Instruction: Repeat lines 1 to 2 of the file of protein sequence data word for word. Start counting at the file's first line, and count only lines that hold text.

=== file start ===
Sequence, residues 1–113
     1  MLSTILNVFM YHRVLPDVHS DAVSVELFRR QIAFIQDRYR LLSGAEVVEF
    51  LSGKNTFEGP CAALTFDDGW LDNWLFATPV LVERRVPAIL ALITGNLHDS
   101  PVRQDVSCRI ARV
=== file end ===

Sequence, residues 1–113
     1  MLSTILNVFM YHRVLPDVHS DAVSVELFRR QIAFIQDRYR LLSGAEVVEF